The quality of housing in Mexico has improved significantly in the past two decades. By the 2010 census, 97.8% of Mexican households had access to electricity, compared to 95.0% in 2000 and 87.5% in 1990. That this figure is approaching 100% is a real accomplishment given that many Mexicans live in very isolated mountainous communities. As of mid-2010, 93.5% of rural households had electricity, compared 98.2% for towns between 2,500 and 15,000 and over 99% for larger towns and cities. Anyone who has lived without electricity knows what an incredible improvement it can make to one’s comfort and quality of life.
With smaller family sizes, household crowding has also declined. It went from 5.0 persons per household in 1990 to 4.4 in 2000 and 3.9 in 2010. The percentage of households with dirt floors is now down to 6.2%, compared to 13.2% in 2000 and 19.5% in 1990. In rural areas, 15.1% of houses have dirt floors compared to 7.7% in towns between 2,500 and 15,000.
The vast majority of rural houses now have piped water. In the 125 least developed municipalities in rural Mexico, over 63% of households have piped water, which is one of the most important factors for improved family health. Almost 39% of the households in these poor municipalities have sewers, a convenience that most rural residents now have. However, about half of all rural households still cook with firewood or charcoal.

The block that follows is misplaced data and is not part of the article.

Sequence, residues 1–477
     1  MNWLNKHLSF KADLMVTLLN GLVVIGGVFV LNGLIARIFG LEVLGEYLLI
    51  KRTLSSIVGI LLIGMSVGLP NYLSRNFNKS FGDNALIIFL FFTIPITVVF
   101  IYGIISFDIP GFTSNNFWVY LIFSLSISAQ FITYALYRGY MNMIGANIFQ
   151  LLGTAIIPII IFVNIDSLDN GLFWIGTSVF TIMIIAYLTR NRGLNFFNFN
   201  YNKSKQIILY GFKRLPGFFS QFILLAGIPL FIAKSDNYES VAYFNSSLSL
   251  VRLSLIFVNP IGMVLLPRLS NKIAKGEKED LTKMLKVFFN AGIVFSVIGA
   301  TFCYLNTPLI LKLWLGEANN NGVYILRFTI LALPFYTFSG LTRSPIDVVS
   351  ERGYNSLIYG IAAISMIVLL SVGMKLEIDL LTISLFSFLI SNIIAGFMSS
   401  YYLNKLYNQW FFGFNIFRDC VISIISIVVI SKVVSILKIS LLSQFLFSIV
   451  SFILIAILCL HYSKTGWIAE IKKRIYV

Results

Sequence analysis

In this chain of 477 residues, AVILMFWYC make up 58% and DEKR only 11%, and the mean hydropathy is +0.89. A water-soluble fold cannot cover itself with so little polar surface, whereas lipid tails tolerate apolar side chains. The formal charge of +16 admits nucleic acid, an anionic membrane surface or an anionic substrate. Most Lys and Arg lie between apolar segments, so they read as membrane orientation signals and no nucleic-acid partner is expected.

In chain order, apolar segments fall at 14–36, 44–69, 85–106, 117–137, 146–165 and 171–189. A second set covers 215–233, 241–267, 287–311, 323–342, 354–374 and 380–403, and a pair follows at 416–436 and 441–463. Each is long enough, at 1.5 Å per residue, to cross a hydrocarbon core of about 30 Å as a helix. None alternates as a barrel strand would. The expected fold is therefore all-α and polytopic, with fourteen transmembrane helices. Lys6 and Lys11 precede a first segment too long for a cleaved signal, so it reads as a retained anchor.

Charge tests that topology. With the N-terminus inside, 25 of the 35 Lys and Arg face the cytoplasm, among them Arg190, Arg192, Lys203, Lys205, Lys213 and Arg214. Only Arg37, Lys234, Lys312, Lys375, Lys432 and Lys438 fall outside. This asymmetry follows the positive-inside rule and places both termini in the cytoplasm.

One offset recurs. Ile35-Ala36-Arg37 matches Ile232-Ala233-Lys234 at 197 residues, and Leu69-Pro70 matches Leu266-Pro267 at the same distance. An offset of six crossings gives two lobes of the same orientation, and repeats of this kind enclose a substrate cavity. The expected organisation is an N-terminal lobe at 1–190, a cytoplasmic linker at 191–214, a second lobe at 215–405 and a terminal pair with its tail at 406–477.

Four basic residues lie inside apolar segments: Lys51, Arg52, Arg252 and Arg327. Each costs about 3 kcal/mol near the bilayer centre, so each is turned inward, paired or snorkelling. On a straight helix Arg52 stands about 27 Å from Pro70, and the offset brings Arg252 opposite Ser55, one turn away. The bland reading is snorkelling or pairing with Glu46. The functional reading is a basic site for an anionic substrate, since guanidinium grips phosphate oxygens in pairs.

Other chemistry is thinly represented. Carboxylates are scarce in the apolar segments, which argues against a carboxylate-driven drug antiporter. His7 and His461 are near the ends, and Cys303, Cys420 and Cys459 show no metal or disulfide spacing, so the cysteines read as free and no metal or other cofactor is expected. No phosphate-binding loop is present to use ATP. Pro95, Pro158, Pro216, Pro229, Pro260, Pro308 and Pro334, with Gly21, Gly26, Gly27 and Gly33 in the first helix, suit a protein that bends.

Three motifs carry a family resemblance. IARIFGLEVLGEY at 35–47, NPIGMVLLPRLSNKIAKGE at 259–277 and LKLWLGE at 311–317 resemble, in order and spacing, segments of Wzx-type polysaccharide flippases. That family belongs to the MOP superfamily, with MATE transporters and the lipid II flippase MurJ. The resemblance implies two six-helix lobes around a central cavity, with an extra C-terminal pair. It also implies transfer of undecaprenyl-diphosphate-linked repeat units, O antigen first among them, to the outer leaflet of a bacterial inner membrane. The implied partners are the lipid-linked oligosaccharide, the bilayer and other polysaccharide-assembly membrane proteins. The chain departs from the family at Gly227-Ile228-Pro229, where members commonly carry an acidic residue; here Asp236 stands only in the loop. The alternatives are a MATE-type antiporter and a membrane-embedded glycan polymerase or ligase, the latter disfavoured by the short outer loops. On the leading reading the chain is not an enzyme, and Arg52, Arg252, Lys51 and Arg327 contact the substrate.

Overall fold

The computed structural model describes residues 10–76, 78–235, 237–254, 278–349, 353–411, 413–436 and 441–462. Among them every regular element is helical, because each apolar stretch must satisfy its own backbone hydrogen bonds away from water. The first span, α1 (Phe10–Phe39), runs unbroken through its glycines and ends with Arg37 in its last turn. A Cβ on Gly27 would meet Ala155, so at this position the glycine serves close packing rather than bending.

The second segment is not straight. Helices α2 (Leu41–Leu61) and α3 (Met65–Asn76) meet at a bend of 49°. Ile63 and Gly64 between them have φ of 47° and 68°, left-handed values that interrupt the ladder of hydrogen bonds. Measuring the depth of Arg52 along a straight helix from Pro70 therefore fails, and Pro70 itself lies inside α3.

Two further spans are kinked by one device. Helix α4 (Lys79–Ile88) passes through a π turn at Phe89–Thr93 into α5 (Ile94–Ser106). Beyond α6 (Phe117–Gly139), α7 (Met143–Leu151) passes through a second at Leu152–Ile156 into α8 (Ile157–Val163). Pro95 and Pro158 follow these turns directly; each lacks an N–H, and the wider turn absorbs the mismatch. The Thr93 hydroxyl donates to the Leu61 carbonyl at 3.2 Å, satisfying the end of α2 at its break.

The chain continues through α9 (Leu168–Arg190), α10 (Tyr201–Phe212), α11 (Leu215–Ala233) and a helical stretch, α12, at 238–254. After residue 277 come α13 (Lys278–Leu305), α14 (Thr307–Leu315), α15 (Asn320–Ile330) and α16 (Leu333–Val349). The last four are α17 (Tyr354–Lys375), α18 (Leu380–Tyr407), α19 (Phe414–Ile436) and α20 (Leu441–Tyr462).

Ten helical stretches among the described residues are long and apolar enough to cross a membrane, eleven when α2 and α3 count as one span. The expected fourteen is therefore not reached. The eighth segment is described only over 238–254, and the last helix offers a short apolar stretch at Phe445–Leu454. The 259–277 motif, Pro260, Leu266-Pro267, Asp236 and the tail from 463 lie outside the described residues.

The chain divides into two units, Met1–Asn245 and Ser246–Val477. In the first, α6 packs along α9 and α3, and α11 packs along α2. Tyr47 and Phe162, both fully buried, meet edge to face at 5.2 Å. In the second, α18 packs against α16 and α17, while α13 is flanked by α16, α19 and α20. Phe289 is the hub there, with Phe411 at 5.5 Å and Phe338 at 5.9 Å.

Rural households are gaining increasing access to modern electrical conveniences. Almost 80% now have a television set, 62% have a refrigerator, 42% have a washing machine, and 36% have a cell phone (only 17 % have a wired telephone line). While these percentages are significantly higher in urban areas (TVs – 97.5%, refrigerators – 91.7%, washing machines – 78.4%, and cell phones – 78.4%.), life in rural Mexico is improving dramatically. However, rural areas are lagging significantly in access to the cyber-age. Only 6.8% have a computer in the house and 2.5% have internet access. Urban access is much higher: 42.7% for home computers and 33.1% for internet access. On the other hand, many rural households gain access to computers and the internet by using cyber-cafes, which have spread rapidly into small Mexican communities.
Access to public transportation has also improved in rural areas (see photo, taken in 1985). In mid-2010, 73% of rural residents had access to public transportation (usually bus or taxi). Access varies with community size. Of those in communities of 1,000 to 2,500, almost 90% have access, while only 37% of those localities of under 250 population had access to public transportation.
Mexico’s cities and towns are analyzed in chapters 21, 22 and 23 of Geo-Mexico: the geography and dynamics of modern Mexico. Rural Mexico is the subject of chapter 24. Living standards, including housing, are discussed in chapter 28. Buy your copy today!!